Emergency Shelter Network

New Yorkers Coming Together To Help Those In Need For More Than 30 Years

The Emergency Shelter Network of Faith-Based and Community Organizations, Inc. (ESN-NYC) is a non-profit devoted to aiding, supporting and representing its members: a coalition of shelters, operated primarily by volunteers, serving homeless adult individuals throughout the five boroughs of New York City.

We are proud members of the Human Services Council and the Homeless Services United.


More Than Half Of New Yorkers Are One Paycheck Away From Homelessness

There has never been a more important time to get involved with the ESN!

More than half of all New Yorkers don't have enough money saved to cover them in the event of a lost job, medical emergency, or other disaster, according to a new report by the Association for Neighborhood & Housing Development.

Nearly 60 percent of New Yorkers lack the emergency savings necessary to cover at least three months' worth of household expenses including food, housing, and rent, but that statistic isn't spread evenly across the five boroughs.

The Bronx has the highest rate of families without adequate emergency savings: in Mott Haven, Melrose, Hunts Point, Longwood, Highbridge, South Concourse, University Heights, Fordham, Belmont, and East Tremont, 75 percent of families have inadequate emergency savings. The Staten Island neighborhoods of Tottenville and Great Kills have the lowest rate, with just 41 percent of families lacking the funds necessary to cover three months' worth of expenses.

Without these savings, families who face emergencies could be at risk of eviction, foreclosure, damaged credit, and even homelessness.

In Brooklyn, families in Brownsville (70%), Bed-Stuy (67%), Bushwick (68%), East New York (67%), and South Crown Heights/Prospect Heights (67%) are the most at-risk—in Manhattan, an average of 67 percent of families in Harlem, Washington Heights, and Inwood lack necessary savings.

In Queens, the neighborhoods with the highest percentage of these households were Elmhurst/Corona (64%), Rockaway/Broad Channel (60%), Sunnyside/Woodside (59%), and Jackson Heights (59%).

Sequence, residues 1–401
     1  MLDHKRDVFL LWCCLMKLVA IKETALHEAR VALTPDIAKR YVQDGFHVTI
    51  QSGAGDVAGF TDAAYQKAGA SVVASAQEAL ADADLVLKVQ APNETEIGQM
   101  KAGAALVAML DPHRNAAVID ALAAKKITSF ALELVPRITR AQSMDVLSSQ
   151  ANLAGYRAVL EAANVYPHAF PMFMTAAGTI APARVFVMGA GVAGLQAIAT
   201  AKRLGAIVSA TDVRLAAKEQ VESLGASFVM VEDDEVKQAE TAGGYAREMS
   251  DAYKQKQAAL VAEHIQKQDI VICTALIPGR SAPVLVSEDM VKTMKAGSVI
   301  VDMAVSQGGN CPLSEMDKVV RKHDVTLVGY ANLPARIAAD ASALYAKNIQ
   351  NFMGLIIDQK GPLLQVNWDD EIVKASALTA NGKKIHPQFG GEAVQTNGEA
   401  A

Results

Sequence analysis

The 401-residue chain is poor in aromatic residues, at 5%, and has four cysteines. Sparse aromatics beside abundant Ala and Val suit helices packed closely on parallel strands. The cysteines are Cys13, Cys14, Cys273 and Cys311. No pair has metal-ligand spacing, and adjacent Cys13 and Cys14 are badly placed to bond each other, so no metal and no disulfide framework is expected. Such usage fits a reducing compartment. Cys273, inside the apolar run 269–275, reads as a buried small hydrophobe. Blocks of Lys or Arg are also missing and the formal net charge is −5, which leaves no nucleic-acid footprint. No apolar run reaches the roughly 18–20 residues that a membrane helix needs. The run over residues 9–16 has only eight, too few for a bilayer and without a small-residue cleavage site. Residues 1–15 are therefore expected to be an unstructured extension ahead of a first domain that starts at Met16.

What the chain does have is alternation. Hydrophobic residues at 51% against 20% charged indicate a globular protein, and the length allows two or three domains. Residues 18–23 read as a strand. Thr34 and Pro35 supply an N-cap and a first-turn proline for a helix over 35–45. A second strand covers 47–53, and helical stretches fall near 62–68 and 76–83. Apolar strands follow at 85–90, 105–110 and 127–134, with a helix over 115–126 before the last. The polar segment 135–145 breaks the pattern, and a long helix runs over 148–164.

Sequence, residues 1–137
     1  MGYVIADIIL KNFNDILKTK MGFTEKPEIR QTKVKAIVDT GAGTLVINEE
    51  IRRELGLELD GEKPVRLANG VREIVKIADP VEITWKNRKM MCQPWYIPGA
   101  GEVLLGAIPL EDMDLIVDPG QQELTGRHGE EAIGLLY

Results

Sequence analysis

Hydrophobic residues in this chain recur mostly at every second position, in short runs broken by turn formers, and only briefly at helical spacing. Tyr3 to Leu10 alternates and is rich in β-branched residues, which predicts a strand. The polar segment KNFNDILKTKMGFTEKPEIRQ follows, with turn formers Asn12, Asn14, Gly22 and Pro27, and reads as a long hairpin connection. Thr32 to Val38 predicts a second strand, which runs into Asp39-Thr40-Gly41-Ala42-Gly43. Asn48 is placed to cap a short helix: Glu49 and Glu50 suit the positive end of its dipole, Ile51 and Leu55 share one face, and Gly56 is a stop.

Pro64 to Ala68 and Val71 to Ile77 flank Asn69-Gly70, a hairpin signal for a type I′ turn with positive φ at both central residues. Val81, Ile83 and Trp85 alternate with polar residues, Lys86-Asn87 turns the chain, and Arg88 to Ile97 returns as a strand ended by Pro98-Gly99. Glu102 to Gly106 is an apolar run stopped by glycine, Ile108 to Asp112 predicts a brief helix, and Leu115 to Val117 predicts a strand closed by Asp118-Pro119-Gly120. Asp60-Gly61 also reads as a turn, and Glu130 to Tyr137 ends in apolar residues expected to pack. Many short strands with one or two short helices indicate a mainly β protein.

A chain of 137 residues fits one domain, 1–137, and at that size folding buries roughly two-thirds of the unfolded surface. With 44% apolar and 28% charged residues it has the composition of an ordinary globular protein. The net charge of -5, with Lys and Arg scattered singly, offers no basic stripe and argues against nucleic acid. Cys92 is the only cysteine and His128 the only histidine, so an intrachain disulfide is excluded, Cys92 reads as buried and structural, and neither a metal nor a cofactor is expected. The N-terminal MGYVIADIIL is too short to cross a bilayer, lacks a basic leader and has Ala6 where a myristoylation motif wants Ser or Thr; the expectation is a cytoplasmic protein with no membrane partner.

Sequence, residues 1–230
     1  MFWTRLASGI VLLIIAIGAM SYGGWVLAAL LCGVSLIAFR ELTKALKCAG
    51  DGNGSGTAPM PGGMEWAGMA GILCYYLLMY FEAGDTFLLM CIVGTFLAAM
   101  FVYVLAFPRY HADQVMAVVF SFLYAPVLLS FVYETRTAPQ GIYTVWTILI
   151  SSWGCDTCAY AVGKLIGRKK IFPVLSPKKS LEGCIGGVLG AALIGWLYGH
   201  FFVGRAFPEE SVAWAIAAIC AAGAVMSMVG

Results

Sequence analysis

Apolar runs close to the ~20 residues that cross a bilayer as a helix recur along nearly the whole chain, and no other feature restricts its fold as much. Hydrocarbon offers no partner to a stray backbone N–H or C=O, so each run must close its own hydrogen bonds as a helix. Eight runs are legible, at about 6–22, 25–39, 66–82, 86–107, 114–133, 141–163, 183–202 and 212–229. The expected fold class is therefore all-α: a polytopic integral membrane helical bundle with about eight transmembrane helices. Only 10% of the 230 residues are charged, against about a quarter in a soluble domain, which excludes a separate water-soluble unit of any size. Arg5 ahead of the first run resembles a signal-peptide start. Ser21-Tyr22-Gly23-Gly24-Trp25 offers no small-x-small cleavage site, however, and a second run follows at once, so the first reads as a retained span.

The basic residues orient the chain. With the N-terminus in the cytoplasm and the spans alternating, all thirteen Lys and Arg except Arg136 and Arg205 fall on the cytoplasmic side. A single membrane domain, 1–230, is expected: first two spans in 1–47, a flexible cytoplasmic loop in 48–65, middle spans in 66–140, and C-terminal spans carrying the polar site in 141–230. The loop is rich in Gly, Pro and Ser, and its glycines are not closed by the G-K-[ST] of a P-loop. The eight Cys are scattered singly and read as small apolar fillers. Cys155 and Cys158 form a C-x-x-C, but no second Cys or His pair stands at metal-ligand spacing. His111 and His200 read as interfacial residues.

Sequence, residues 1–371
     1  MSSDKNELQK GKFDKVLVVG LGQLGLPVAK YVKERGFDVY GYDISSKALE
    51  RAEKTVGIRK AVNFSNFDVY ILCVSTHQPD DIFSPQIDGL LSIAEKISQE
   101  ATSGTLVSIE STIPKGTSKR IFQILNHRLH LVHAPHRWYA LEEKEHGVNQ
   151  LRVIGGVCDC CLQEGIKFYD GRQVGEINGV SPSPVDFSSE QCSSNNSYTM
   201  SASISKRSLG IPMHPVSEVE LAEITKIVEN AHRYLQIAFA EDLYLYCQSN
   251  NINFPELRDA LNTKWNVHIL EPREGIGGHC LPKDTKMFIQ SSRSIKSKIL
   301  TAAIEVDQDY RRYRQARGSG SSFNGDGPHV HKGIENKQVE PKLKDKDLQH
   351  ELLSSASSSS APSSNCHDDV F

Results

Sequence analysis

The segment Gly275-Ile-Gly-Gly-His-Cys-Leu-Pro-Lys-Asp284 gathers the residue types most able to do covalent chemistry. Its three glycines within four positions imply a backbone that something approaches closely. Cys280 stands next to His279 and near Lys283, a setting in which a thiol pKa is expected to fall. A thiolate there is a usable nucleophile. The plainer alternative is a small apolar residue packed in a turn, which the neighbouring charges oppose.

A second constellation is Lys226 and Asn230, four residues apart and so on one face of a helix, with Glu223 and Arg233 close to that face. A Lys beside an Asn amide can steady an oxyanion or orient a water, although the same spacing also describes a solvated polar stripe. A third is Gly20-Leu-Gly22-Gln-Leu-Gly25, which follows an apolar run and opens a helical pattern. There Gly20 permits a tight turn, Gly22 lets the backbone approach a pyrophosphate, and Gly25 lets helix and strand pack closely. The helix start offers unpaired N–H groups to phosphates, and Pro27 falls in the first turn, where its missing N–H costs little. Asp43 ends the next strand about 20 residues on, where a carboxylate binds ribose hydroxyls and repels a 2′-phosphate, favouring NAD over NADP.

As DNAinfo notes, advocates say that rental assistance is crucial in preventing homelessness citywide, especially in neighborhoods where rents rise faster than incomes—many of which overlap with the neighborhoods where families lack adequate savings.

And although an increase in rental assistance services like the one proposed by Queens Assemblyman Andrew Hevesi could cost the cost $450 million in state and federal funding, it would be more cost-effective than allowing more families to enter the chronically underfunded shelter system.

Many tenants don't know where to get emergency rental assistance, which can prevent them from falling behind on their rent. And landlords are increasingly claiming "chronic rent delinquency" after just a single late payment, which allows them to begin eviction proceedings earlier on than they would otherwise.

The ANHD report also includes a litany of other statistics that, when looked at together, paint a picture of a neighborhood's potential for economic opportunity: incarceration, unemployment, poverty rates for each neighborhood are included, as are each neighborhood's percentage of small businesses, percentage of households without internet, and percentage of rent-burdened households.

According to the report, the three neighborhoods with the biggest risk to economic opportunity are Highbridge/South Concourse, University Heights/Fordham, and Mott Haven/Melrose.